Saturday, 7 May 2016

Give Your Sweet Tarot Brain a Rest!

There’s so much information out there on tarot. Tarot history, different traditions, approaches to ethics, additional divination tools, reversals/no reversals, intuitive/traditional, esoteric beliefs/none, counselling approaches, jungian theory.....the list goes on. And on. Books, books, books! Blogs, blogs blogs! Podcasts! Workshops! Youtube videos! Follow this reader on Twitter! Get that newsletter weekly from another reader! 

Trying to take in every idea and approach that's out there can be really, really exhausting.

Now, to lay my cards on the table : I’m a professional tarot reader. I know nothing about the Thoth. I don’t read reversals. I personally find no useful link between astrology and tarot (and I promise you that I tried). Besides the occasional celtic cross, I have no regular spreads. I design each spread for each client based on their question, and then I never go back to it. I don’t meditate. I don't own some of the major 'classic' books on tarot. I don’t even have a solid belief in what is actually happening when I read the cards. Is it spiritual, psychological? I’m interested, but for the large part I just don’t care all that much. Tarot works, and that’s enough for me.  

Want to know something else? I get extremely positive and encouraging feedback from my clients.

I do have a love for what is largely considered to be the 'system' of the tarot - the generally accepted Major Arcana meanings, the elements, basic numerical associations etc. I’ve lost count of the amount of tarot books I’ve read, and I’ve immersed myself in blogs, videos, podcasts, you name it - for hours, weeks, months, years. I don't, however, have any tarot 'Bibles". I dip into books, falling in love with some chapters, and occasionally wanting to throw the book across the room when I read other chapters. If you love something as much as we readers love tarot, it’s hard not to want to read a lot about it isn’t it? But blimey, it can get messy.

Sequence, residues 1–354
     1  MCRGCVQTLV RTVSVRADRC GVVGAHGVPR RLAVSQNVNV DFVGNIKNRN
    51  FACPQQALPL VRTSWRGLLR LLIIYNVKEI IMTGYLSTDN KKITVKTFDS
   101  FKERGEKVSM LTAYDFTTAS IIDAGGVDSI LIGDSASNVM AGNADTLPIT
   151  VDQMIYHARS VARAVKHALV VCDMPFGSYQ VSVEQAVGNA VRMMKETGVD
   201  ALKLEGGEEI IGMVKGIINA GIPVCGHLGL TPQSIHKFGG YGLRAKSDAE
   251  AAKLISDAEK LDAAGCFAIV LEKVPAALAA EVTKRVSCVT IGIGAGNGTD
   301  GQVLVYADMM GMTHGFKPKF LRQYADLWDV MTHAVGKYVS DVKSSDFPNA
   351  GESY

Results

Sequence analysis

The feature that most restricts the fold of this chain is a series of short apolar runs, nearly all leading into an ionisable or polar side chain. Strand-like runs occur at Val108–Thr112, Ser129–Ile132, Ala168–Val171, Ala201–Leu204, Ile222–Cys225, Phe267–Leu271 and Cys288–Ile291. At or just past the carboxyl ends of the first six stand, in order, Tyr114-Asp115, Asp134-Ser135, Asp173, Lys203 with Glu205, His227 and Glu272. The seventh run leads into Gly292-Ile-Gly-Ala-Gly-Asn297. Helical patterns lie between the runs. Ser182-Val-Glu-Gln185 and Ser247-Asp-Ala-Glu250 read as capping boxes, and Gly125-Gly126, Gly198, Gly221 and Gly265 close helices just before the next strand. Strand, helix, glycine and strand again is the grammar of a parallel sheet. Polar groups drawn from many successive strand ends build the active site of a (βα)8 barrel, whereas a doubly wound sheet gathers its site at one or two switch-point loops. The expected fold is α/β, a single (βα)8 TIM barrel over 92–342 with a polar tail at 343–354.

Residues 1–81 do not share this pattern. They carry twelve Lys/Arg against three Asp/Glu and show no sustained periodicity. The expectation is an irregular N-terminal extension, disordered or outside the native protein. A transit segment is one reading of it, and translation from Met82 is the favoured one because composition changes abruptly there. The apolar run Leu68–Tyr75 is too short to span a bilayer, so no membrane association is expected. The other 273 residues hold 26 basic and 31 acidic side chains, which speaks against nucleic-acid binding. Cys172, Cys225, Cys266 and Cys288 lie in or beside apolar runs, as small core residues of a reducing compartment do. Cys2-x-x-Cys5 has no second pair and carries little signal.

(Pic : "My personal approach to tarot is to dance with an intuitive, agile cat before each reading, before releasing a deep breath and meditating to a rare Mama Cass 12" record. Once you try this, you'll find that your readings become so much more insightful and you'll wonder what on earth you were doing for all of those years!!")

Recently I became stressed out by all of the literature I was reading, the podcasts I was listening to and the blogs I was reading (okay, I'm still reading a lot of tarot blogs). The hardcore views of certain tarot readers chipped at my confidence and made me feel inadequate; it wasn't helpful. In my view, the best teachers should always encourage you to find your own approach by offering you suggestions, whilst owning those suggestions as  personal preferences (please note I’m talking about reading styles here - good ethics with clients is non negotiable!). If I hear one more tarot reader proclaiming that not reading reversals is “stupid”, I will scream. Who cares if my cards sit upside down or not? It's not how your cards are sitting that's important darling, it's how you are reading them. If reversals help you read more deeply, that's great. Sometimes we study certain things (like I studied reversals), and we choose to reject them. Sometimes we choose not to study certain things (like I choose not to study the Thoth) because we know from the outset that they won’t inspire us. We know to trust our intuition with our readings, so why shouldn’t we trust it when exploring different decks and approaches? If your one and only deck is the Hello Kitty and you have no interest in expanding on that, then good for you. 

(Pics : “The Marseille is the only real tarot!”, “The Rider Waite Smith is the only deck you'll ever need!”, “The Hello Kitty has the richest, deepest symbolism that will stimulate the most intuitive of intuitives!”)